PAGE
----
Electronics: The pickups on this guitar are PRS 58/15 LT pickups, and the LT stands for Low Turns. The LT feature gives the pickups a much sweeter lower output tone. Something that is unusual about this guitar is that the 58/15 LT pickup is used for both bridge and treble pickup.
For a high-end humbucker-based guitar like this one, it’s not very often that we see the same pickup being used for both bridge and treble side. But the important thing is that tone for both bridge and treble pickup is superb and the quality will blow you away.
The tone might remind you of the ‘59 Les Paul sound, but at the same time, it’s a more modern sound that can be used for various kinds of genres. The clarity and sensitivity of the pickups are also mind-blowing and the versatility of these pickups are unmatched.
Following the Gibson tradition, the McCarty 594 has a three-way pickup switch and 2 volume + 2 push/pull tone controls. The pickup switch and the controls are thoughtfully placed at the most easily accessible places of the guitar and the top quality coil-split feature on the tone knobs will give you so many different tones for you to work with.
Bottom Line: PRS McCarty 594 is hands down one of the best electric guitars out there. With this guitar, you can play everything from blues, rock, funk, RnB, jazz to pop – the sky’s the limit. McCarty 594 is truly a PRS masterpiece that encapsulates the best of both vintage and modern. It’s one of the most expensive production guitars you can buy and also one of the highest quality.
This guitar is highly recommended to anyone that can afford the $4000+ price point. It’s a top choice for professional top-level recording, and live performing.
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14. PRS John Mayer Silver Sky
|Body Style||Double Cutaway Solid Body|
|Pickups||635JM Single Coil Pickups|
My Review: We’ve seen a model of the iconic Fender Stratocaster above, but now let’s take a look at a modern interpretation of Fender Strat by none other than PRS. Now as we all know, there are literally thousands of copies and interpretations of Stratocaster all around the world.
But what sets this model apart from others, is that this one was designed by PRS in collaboration with guitarist John Mayer. John Mayer surely knows a thing or two about Strats, as he is an expert on them and has been playing all kinds of Strats for a long time, from vintage to boutique modern models of Strats.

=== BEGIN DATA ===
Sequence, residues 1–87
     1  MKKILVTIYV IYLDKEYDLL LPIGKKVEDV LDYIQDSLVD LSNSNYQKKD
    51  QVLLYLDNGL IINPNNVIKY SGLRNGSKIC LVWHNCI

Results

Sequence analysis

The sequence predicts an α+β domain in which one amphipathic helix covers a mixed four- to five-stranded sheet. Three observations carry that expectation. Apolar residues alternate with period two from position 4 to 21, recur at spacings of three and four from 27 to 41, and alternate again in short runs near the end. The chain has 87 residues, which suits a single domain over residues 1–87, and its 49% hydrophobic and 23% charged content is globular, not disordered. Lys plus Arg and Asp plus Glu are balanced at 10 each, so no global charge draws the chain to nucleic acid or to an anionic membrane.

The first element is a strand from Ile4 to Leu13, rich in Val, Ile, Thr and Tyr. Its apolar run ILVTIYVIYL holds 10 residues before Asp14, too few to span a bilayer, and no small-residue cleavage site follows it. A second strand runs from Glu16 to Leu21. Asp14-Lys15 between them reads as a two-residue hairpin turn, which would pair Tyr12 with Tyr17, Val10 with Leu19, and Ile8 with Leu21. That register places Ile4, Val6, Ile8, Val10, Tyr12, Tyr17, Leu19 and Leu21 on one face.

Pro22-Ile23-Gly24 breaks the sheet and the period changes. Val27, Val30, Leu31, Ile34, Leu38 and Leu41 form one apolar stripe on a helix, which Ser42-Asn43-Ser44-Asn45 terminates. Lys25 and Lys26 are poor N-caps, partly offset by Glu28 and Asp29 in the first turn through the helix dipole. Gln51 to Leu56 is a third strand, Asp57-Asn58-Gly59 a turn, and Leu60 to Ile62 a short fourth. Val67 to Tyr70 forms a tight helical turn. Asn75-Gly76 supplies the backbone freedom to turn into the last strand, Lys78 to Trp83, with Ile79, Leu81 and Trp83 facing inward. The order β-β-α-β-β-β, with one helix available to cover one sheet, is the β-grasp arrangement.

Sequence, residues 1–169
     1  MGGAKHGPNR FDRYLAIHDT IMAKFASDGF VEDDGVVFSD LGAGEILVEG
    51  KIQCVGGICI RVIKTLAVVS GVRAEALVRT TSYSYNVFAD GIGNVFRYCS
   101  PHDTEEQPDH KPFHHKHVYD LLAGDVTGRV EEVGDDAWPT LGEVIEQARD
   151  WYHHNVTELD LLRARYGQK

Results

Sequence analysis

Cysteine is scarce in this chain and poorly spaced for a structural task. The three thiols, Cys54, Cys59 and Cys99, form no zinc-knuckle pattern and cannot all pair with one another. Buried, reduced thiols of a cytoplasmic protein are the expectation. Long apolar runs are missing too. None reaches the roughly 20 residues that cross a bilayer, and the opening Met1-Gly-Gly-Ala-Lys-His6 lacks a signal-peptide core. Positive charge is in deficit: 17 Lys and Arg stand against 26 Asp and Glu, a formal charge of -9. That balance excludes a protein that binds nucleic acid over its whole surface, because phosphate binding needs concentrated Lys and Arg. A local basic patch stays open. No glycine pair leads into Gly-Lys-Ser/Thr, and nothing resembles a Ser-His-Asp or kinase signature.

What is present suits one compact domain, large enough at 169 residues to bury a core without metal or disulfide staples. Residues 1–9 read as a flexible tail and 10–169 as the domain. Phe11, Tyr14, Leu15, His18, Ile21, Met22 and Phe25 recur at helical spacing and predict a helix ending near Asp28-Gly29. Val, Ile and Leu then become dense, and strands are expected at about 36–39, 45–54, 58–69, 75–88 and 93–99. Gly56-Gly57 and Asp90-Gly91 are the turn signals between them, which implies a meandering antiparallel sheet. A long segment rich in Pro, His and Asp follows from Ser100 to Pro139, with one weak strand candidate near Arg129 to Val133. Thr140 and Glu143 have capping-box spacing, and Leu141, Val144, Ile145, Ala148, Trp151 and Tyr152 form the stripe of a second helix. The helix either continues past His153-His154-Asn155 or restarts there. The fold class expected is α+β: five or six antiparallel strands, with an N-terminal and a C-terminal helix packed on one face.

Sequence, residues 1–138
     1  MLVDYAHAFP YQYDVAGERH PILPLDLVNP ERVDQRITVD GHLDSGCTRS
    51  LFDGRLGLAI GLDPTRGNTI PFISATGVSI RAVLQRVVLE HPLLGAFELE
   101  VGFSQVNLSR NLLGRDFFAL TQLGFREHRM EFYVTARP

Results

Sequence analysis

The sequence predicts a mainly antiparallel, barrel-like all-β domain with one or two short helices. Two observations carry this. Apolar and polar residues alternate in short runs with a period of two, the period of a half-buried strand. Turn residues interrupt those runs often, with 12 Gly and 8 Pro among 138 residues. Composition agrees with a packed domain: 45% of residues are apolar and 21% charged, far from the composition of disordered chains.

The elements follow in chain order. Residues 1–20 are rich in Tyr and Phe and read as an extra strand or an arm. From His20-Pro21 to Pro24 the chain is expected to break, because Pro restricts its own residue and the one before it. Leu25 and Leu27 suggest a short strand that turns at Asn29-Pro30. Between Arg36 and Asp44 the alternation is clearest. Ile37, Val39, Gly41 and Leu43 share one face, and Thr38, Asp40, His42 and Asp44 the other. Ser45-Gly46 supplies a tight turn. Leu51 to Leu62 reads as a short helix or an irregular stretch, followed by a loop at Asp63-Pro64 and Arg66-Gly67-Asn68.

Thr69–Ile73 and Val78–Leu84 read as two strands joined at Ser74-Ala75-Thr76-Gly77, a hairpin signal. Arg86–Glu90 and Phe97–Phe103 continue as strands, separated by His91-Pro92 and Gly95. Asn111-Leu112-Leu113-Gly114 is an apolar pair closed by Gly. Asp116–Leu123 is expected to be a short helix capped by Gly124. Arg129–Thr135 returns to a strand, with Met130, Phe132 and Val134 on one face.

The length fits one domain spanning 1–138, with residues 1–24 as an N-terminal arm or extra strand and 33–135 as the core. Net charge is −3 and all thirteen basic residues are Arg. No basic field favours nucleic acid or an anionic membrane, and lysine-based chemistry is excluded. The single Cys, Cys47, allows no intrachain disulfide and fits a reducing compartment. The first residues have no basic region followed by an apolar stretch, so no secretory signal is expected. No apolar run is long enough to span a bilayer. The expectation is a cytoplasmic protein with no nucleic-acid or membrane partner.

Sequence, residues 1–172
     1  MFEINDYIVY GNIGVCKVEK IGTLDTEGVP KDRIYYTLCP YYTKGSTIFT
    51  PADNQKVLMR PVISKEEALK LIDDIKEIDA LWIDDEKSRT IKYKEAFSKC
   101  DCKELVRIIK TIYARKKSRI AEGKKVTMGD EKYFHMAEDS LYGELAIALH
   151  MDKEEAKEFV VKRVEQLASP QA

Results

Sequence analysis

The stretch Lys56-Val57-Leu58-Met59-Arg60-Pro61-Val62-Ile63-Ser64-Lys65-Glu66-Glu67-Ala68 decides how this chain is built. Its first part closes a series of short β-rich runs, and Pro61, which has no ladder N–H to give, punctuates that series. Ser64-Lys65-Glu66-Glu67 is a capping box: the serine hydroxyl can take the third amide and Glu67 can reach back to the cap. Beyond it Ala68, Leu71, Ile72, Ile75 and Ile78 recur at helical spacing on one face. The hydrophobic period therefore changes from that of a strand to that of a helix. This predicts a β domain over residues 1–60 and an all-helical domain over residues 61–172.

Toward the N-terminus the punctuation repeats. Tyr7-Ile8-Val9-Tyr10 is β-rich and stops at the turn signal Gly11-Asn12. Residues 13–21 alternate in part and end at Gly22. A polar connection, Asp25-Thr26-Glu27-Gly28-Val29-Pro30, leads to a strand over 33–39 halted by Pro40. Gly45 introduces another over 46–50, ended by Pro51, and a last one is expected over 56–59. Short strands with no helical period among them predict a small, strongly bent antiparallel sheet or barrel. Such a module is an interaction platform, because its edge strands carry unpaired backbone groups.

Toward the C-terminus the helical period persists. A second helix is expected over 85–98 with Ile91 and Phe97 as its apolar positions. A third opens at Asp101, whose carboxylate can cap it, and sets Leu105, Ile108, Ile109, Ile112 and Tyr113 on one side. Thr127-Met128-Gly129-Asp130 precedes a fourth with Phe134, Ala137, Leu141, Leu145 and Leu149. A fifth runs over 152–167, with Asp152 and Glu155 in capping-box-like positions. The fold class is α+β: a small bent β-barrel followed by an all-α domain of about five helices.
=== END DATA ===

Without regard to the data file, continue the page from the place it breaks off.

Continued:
The duo took almost two and a half years to finish this project and when it was released, the reaction from the consumers was mixed. Some thought it was just another version of Strat, and some thought it was a very special Stratocaster.
But over time, people have realized that the John Mayer Silver Sky is very unique and certainly one of the best modern takes of the classic Stratocaster.
John Mayer and Paul Reed Smith paid very close attention to all the small details on this guitar, from the headstock down to the bridge. It was largely inspired by the 1963-1964 vintage Fender Strat, a vintage guitar that they both think is the “perfect” vintage Stratocaster. They tried to recreate their favorite features from that model but also incorporated many of PRS’s signature features and technology into the model.
Key Specs and Features: Looking at the body of Silver Sky, the PRS Silver Sky has a Fender Stratocaster body but you might notice something is a little different. The first thing you might notice is that the treble side of the body isn’t as deep as the original Stratocaster while the bass side of the body is deeper and has a sharper nose than the original.
This body shape might throw off the hardcore Strat fans, but compared to the traditional Strat shape, it’s a lot more modern-looking for sure. The body material is Alder and has a Gloss finish and the neck is a bolt-on Maple neck and it has a classic Strat scale length of 25.5 inches.
Something that is very unusual is obviously the headstock of this Strat and it has a modified PRS headstock that John Mayer altered to fit his playing style. As for myself, it took a while for me to get used to the combination of PRS headstock on a Fender Strat body, but now I find it strangely attractive and luxurious.
Another one of the gorgeous things about this guitar is the playing feel and the neck profile. The neck profile is based on the 1963-4 Strat and when I picked up the guitar, it instantly felt comfortable in my hands and I could really dig into the notes with ease.
The guitar comes with numerous other features like the PRS Tremolo Bar and Gen III Knife-edge screws. The bridge also only goes down in pitch and this results in a guitar that is acoustically louder. Other features include a bone nut and molded metal jack plate that makes plugging in much easier.
Electronics: The pickups themselves are 635JM Single Coil pickups, which are John Mayer’s Signature PRS Single Coil pickups. These pickups showcase a full and round tone and have a musical high that will pop out of the mix but is incredibly pleasant to the ear.
PRS Silversky comes with a 5-way blade switch as any Strat would. In terms of tone, all five pickup positions have a distinct sound – neck pickup has a beautiful full sound with a bunch of low end and the bridge has just enough “honk” with plenty of bite to them.
The middle, 2nd, and 4th all have their distinct color and present so much tone variety within the guitar.
Bottom Line: The bottom line is that the PRS John Mayer Silver Sky is not just another boutique modern Strat. With this guitar, the strat is reborn, and it really showcases the best of the old and the new.
This guitar is a final product of years of collaboration between two great minds of the guitar industry and from the playing feel, sound, to looks, Silver Sky is definitely worth the price. This guitar is great for everyone from professional guitarists to intermediate guitarists.